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Music / Fleet Foxes

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Fleet Foxes are a Seattle-based indie-folk/Baroque Pop sextet, originally built up around school friends Robin Pecknold and Skyler Skjelset. After releasing a self-titled debut EP in 2006, they rose to fame and much critical acclaim in 2008 with the EP Sun Giant and a full-length album (also self-titled). A new studio album called Helplessness Blues was released in 2011.

Their music features lots of complex instrumentation and vocal harmony, inviting many comparisons to The Beach Boys and Crosby, Stills, Nash and Young, along with other acts from the Sixties and Seventies. The general atmosphere often evokes a somewhat Autumnal feel, similar to the likes of Nick Drake. Ultimately, however, the Fleet Foxes stand out it the music world as a very original act. The band's skilled musicianship and Pecknold's talent for songwriting have also attracted much praise by music fans and press alike.


The second album differs from the first in several ways. The instrumentation features violins and flutes (courtesy of multi-instrumentalist Morgan Henderson) and fewer electric instruments. The songs are much more subject-based in their lyrics rather than being purely poetic. Many of them were inspired by the difficulties experienced in coming to terms with new-found success and creating the new record, as well as general reflections on ageing and finding one's place in the world.

After the second album and an exhausting tour, Pecknold made a quiet announcement in 2013 saying that the Foxes were on an indefinite hiatus. Pecknold started questioning if music was really his passion, wanting to maybe aim for a different career path. Then, in 2016 it was hinted that the Foxes were working on a new album and were back together. It was finally confirmed on Christmas day, and was released as Crack-Up in June 2017. Their fourth studio album, Shore, was released on September 22, 2020.


Current band members:
  • Robin Pecknold
  • Skyler Skjelset
  • Casey Wescott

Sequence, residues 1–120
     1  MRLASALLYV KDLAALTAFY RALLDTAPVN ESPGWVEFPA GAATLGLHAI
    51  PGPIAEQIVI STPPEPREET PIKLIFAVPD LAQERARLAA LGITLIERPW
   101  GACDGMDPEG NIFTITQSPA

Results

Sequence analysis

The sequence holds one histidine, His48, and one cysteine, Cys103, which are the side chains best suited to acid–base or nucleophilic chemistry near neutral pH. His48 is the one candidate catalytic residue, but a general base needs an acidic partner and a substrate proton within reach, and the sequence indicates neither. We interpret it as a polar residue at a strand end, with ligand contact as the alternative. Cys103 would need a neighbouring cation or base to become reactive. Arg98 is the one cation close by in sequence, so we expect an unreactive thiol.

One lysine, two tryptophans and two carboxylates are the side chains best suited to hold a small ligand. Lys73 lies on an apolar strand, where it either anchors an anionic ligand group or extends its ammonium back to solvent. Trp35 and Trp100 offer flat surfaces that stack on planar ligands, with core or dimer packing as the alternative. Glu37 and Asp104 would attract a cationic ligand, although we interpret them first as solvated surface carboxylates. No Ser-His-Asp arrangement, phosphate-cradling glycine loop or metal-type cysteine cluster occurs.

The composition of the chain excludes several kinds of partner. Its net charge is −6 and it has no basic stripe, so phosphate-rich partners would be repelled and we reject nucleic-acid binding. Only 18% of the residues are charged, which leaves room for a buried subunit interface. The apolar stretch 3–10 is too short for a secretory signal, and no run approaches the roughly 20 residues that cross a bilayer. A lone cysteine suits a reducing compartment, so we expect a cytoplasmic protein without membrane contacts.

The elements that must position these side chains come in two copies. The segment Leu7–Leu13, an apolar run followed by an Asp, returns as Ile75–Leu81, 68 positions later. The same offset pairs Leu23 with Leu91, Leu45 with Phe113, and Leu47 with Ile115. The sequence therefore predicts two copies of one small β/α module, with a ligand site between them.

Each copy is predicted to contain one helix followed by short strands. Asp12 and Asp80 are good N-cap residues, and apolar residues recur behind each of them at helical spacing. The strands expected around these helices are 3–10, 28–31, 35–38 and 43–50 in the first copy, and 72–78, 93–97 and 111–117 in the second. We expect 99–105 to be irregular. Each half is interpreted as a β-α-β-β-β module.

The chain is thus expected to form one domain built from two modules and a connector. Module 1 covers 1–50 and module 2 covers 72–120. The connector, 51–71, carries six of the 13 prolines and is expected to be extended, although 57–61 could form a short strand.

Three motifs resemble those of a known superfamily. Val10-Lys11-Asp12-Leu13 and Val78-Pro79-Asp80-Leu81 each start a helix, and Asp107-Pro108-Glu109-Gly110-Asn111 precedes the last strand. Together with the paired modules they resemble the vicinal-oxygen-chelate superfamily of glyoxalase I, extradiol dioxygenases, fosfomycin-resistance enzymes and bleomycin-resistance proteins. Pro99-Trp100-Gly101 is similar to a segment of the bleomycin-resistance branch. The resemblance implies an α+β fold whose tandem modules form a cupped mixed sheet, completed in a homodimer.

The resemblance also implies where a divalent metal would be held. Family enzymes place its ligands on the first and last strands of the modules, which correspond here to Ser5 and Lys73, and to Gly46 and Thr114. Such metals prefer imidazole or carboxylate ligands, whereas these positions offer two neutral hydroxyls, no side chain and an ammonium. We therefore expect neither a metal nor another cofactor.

• Christian Wargo
  • Morgan Henderson

Studio albums:

  • Fleet Foxes (2008)
  • Helplessness Blues (2011)
  • Crack-Up (2017)
  • Shore (2020)


They provide examples of:

  • Animated Music Video: Several.
    • The video for Mykonos is a stop-motion narrative cartoon made mainly with cut-out triangles, animated to the rhythm of the song.
    • White Winter Hymnal has a claymation video, reflecting on the themes of ageing and the passage of time.
    • The video for The Shrine / An Argument is animated as well. And by god is it deranged! Like Mykonos it also appears to tell a story, but this time with an antelope in the leading role, accompanied by the denizens of your worst nightmares.
  • Arcadia: The island of Innisfree is mentioned several times on Helplessness Blues. It is a place of harmony and consistency, in contrast to the uncertainty of the modern world.
  • Badass Beard: Five out of six band members.
  • Break Up Song: "The Shrine/ An Argument".
  • Child Ballad: The 2 volume version of their debut includes a version of False Knight on the Road.
  • Digital Piracy Is Okay: Robin Pecknold has come out in defense of downloading songs off the internet, saying this is how he acquired much of the music that inspired him.
  • Driven to Suicide: A since-deleted interpretation of the "In the doorway, holding every letter that I wrote/In the driveway, pulling away, putting on your coat/In the ocean, washing off my name from your throat" passage of "The Shrine/An Argument" on a lyrics forum poignantly theorized that the narrator's heartbroken lover ends their own life by driving their car into the sea.
  • Early Installment Weirdness: Their first music release, the self-titled EP, has a much more Beatles-influenced indie pop/rock sound compared to their later, much more well-known albums.
  • Epic Rocking: While most of their music is more folk than rock, some of their longer songs like "Ragged Wood" (5:07) "The Plains / Bitter Dancer" (5:54), and "The Shrine / An Argument" (8:07) allow more space for soloing and improvisation. Several songs feature modulation (That Other Wiki entry), meaning they feature key changes and seem to have the structure of two songs mashed together.